Territory Stories

Ministerial Statement Reform of the Power and Water Authority Six months on



Ministerial Statement Reform of the Power and Water Authority Six months on

Other title

Tabled paper 1301


Tabled Papers for 8th Assembly 1997 - 2001; Tabled Papers; ParliamentNT




Tabled by Barry Coulter


Made available by the Legislative Assembly of the Northern Territory under Standing Order 240. Where copyright subsists with a third party it remains with the original owner and permission may be required to reuse the material.




Tabled papers

File type




Copyright owner

See publication



Parent handle


Citation address


Page content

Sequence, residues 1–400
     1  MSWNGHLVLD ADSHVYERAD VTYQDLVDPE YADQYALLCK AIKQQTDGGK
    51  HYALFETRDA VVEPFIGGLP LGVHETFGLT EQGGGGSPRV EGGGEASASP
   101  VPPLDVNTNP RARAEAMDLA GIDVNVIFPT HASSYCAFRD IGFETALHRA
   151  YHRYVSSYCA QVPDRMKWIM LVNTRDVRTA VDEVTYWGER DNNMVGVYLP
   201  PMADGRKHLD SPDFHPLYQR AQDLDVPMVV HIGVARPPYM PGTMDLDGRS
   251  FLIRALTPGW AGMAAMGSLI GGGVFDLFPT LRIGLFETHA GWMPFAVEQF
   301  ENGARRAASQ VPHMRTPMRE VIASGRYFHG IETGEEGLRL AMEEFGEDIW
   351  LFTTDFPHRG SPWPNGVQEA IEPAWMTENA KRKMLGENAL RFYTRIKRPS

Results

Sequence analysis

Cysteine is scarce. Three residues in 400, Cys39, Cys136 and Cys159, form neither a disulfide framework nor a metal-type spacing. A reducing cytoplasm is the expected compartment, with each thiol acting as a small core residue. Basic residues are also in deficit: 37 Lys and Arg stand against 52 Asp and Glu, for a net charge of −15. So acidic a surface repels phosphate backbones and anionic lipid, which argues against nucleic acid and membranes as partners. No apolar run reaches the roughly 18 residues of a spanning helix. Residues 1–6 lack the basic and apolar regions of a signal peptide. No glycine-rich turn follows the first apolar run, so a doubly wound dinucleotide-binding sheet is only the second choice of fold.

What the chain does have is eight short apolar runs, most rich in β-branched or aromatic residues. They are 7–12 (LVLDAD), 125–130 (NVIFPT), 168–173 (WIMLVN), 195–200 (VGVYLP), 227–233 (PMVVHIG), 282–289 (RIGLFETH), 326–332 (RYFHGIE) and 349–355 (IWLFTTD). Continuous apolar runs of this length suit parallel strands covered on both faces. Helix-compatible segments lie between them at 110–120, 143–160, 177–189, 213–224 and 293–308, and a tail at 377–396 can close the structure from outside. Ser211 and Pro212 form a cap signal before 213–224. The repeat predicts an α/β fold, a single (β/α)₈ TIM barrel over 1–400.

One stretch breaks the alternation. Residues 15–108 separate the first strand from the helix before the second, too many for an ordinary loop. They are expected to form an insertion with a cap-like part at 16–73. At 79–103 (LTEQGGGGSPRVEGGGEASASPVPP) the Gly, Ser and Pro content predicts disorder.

13 The nature of these types of exercises is that the easier targets will be hit first. The rest of the $30 million may not come quite as quickly but the introduction of competition will keep the pressure on to do so. And find these savings we must if PAWA is going to prosper and deliver to Territorians the lower tariffs they need and demand. Mr Speaker, before I conclude I would like to address a few matters raised by the Member for Nhulunbuy yesterday. In doing so I also put the reforms of the last six months in the context of the massive changes that have been taking place in the Australian electricity industry, and indeed throughout the western world over the last decade. In 1995 and 1996 the Council of Australian Governments took decisions that have led to the industry being opened to the winds of competition. This has had its earliest and most significant impact on the eastern seaboard where the grids of Queensland, New South Wales, Victoria and South Australia have been interconnected. The Northern Territory wont be interconnected in our lifetime bu t we can still get benefits from competition. Traditionally the electricity industry was an inwardly focussed one concentrating on technical issues and not having to be too concerned about customers. It was also an industry where poor work practices were the norm - where any increase in pay or conditions could be simply passed on to the customer. The reforms in the electricity industry are meant to bring better services at lower costs. This is already occurring in the national market and is now starting to occur in the Territory. Changes such as this do not occur easily or quickly. We are talking about changing mindsets and heavily entrenched customs and practices. And it has meant massive job losses, so some resistance is to be expected. 13